2.9 GrantConnect provides a detailed list of grant categories for entities to choose from when publishing an opportunity or award. Grants were reported for 28 of the 29 available grant categories. Ten categories represented 82 per cent of all reported grants in value. Table 2.4 summarises the number and value of grants awarded to the top 10 categories by total value of awards between 31 December 2017 and 30 June 2021. Grant funding assistance is highest for ageing ($11.9 billion, 20 per cent), health, wellbeing and medical research ($10.4 billion, 18 per cent) and Indigenous ($8.6 billion, 14 per cent).11

Table 2.4: Top 10 award categories by value between 31 December 2017 and 30 June 2021

Category

Number of awards

Total value ($million)

Proportion of value of all awards (%)

Ageing

11,323

11,969

20

Health, Wellbeing and Medical Research

5182

10,401

17

Indigenous

7320

8607

14

Disability

3005

4445

7

Transport and Infrastructure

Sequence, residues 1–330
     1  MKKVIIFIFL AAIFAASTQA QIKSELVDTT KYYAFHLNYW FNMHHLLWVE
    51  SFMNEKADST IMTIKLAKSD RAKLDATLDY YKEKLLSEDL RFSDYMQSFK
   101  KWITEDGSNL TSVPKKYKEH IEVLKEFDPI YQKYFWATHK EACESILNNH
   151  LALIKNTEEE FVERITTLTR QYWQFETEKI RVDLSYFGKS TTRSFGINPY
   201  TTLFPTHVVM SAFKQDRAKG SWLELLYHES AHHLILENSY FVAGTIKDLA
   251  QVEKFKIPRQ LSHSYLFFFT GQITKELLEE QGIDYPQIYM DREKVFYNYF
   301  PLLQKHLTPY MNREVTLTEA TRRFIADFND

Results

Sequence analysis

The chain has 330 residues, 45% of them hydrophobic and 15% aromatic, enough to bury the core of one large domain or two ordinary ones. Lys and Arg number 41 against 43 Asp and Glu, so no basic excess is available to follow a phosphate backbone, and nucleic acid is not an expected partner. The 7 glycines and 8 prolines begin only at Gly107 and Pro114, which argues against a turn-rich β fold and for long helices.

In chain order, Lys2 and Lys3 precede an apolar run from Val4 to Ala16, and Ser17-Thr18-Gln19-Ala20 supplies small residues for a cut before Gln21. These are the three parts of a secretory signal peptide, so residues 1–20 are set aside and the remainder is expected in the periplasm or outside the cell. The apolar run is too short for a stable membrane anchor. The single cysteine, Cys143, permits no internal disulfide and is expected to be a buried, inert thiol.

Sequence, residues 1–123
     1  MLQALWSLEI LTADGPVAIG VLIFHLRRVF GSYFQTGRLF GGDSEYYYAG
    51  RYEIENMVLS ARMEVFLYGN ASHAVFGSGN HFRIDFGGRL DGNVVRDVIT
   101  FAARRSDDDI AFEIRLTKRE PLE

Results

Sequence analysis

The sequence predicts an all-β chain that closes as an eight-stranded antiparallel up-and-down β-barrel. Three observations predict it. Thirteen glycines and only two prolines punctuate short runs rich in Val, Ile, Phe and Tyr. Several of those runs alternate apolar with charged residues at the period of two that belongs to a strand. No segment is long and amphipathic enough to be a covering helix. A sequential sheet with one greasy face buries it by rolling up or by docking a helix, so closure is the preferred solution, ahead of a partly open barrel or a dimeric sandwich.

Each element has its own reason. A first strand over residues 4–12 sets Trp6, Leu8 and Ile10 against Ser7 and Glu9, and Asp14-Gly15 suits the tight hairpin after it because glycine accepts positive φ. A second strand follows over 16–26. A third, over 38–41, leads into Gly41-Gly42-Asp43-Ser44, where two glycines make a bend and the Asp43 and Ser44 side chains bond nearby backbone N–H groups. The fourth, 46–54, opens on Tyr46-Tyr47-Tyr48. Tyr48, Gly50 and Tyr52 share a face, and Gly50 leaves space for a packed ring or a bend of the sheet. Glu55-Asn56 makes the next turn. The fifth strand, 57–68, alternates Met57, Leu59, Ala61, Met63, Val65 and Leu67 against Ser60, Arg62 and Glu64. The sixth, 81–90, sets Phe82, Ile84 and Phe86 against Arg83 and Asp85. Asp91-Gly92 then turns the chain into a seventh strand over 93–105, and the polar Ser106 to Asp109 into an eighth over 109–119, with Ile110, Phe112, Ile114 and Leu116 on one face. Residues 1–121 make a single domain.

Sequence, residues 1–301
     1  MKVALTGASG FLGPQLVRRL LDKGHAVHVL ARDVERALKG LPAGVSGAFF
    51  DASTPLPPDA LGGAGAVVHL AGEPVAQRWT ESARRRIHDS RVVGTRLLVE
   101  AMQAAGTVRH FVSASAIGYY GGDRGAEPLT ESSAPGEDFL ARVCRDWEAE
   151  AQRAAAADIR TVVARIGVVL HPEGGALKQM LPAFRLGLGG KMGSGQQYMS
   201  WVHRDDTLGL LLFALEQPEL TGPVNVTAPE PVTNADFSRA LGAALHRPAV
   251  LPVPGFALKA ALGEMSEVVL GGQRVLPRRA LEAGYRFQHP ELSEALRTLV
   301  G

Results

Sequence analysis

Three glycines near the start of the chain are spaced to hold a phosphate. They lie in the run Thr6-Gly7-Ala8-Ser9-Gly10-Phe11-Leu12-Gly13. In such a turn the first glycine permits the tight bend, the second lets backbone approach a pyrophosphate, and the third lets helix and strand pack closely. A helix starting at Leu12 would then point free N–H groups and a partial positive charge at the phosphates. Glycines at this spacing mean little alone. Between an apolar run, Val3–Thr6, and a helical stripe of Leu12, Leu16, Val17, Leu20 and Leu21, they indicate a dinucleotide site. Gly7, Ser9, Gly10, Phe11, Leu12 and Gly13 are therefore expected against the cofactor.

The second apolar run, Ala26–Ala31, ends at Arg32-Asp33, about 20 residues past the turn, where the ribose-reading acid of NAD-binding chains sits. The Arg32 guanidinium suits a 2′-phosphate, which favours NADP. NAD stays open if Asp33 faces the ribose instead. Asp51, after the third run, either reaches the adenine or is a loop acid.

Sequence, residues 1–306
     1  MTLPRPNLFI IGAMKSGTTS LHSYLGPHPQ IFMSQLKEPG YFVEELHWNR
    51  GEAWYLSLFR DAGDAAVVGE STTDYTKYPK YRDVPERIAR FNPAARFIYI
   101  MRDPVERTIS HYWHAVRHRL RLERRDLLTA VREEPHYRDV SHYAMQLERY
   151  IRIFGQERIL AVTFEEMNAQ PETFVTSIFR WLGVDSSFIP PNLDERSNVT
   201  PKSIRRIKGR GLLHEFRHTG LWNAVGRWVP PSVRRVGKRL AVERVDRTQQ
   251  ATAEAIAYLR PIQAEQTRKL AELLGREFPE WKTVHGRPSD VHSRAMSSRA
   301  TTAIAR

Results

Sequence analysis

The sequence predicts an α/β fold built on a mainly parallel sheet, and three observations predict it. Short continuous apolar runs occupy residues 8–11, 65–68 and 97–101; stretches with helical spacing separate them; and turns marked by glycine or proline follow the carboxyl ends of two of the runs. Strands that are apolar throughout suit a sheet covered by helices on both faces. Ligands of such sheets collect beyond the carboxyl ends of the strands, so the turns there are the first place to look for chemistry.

7152

4442

7

Academic Research

4589

2840

5

Child, Youth and Youth at Risk

20,509

1803

3

Employment and Training

222

1638

3

Industry

8542

1611

3

Agriculture

3243

1535

3

       

Note: Four categories were in the top 10 award categories by number but not in value: ‘Disaster Relief’ (8692); ‘Community Development’ (6206); ‘Environment energy and resources’ (3293); and ‘Crime, Justice and Legal Issues’ (3047). The categories of ‘Ageing’, ‘Children, Youth and Youth at Risk’ and ‘Disaster Relief’ received the most grants by number.

Source: ANAO analysis of GrantConnect awards data for grants started between 31 December 2017 and 30 June 2021.

Top 10 grant administering entities